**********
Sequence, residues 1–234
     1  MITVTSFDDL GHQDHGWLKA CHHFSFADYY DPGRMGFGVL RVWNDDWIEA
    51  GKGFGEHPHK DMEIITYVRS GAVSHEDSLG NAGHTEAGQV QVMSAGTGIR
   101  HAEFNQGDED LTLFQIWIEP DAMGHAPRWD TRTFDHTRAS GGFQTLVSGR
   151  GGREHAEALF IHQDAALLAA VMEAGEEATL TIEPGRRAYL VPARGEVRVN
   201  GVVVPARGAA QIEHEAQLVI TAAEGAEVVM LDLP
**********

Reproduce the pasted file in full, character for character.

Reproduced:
Sequence, residues 1–234
     1  MITVTSFDDL GHQDHGWLKA CHHFSFADYY DPGRMGFGVL RVWNDDWIEA
    51  GKGFGEHPHK DMEIITYVRS GAVSHEDSLG NAGHTEAGQV QVMSAGTGIR
   101  HAEFNQGDED LTLFQIWIEP DAMGHAPRWD TRTFDHTRAS GGFQTLVSGR
   151  GGREHAEALF IHQDAALLAA VMEAGEEATL TIEPGRRAYL VPARGEVRVN
   201  GVVVPARGAA QIEHEAQLVI TAAEGAEVVM LDLP